|DATE:||(Date of pronouncement)|
|DATE:||December 2, 2009 (Date of publication)|
|Click here to download the judgement (dana_corporation_capital_gains_transfer_pricing.pdf)|
No capital gains in a business reorganization if consideration not determinable. Transfer pricing law does not apply if there is no income
The applicant, a USA company, held shares in an Indian company. As part of a bankruptcy reorganization process, the shares in the Indian company together with other non-Indian assets & liabilities were transferred to other USA companies. The liabilities taken over were more than the assets. The agreement provided that the transfer of the shares was without consideration. The AAR had to consider (i) whether the liabilities of the transferor taken over by the transferee could be said to be “consideration” for transfer of the Indian shares so as to make it chargeable to capital gains and (ii) whether even if there was no chargeable ‘capital gains’, the applicant could be assessed on an ‘arms length” basis under the transfer pricing provisions. HELD answering both questions in favour of the applicant:
(i) The effect of B. C. Srinivasa Setty 128 ITR 294 (SC) is that ss. 45 & 48 are an integrated code and must be read together. If there is no ‘consideration’ u/s 48 there can be no capital gains u/s 45. The ‘profit or gain’ or ‘the full value of the consideration’ envisaged by ss. 45 & 48 is not something which remains ambivalent or indefinite or indeterminable and cannot be arrived at on notional or hypothetical basis. It must be a distinctly and clearly identifiable component of the transaction. It cannot be implied or assumed;
(ii) The liabilities of the applicant taken over as a part of reorganization cannot be treated as consideration nor can it adopted as a measure of consideration for the transfer of shares. The parties did not intend that a specified extent of liabilities taken over should be treated as consideration for the transfer of shares. One cannot find consideration for the transfer by means of conjectures and assumptions. When entire assets and liabilities are taken over in order to reorganize the business, it is difficult to envisage that a proportion of liabilities constitutes consideration for a particular transfer. No commercial or accountancy principle supports such inference. It is difficult if not impossible to predicate that a given part of the liabilities represents the consideration for transfer and such consideration has been passed on to the transferor. One has to consider the entire purpose and substratum of reorganization and cannot import artificial notions of consideration. Accordingly, the take over of liabilities under the reorganization plan cannot be treated as consideration for the transfer of the Indian company shares by the applicant;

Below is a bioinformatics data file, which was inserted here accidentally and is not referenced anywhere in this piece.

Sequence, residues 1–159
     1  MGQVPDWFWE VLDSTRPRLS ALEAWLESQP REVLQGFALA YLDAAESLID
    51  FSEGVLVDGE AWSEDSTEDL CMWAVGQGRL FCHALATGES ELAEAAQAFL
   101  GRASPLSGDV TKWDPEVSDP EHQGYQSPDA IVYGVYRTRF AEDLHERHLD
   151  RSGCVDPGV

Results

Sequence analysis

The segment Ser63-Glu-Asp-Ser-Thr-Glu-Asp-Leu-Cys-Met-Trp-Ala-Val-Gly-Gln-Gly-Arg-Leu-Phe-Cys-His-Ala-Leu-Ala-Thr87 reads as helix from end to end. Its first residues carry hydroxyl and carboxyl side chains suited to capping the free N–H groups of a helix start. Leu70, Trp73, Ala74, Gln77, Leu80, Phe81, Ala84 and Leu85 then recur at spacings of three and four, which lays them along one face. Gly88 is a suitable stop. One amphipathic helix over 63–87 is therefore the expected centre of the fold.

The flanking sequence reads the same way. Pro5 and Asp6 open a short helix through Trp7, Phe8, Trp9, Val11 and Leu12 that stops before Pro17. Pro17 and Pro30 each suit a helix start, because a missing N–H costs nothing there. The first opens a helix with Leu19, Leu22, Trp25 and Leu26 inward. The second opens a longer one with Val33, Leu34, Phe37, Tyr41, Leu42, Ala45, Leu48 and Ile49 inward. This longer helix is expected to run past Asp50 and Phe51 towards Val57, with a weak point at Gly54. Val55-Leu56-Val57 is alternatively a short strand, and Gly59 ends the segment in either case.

(iii) The argument of the Revenue that the transfer pricing provisions will apply even if there is no income is not acceptable. S. 92 is not an independent charging provision but deals with “Computation of income from international transactions”. It provides that “any income arising from an international transaction shall be computed having regard to the arm’s length price”. The expression ‘income arising’ postulates that the income has arisen under the substantive charging provisions of the Act. S. 92 is not intended to bring in a new head of income or to charge tax on income which is not otherwise chargeable under the Act.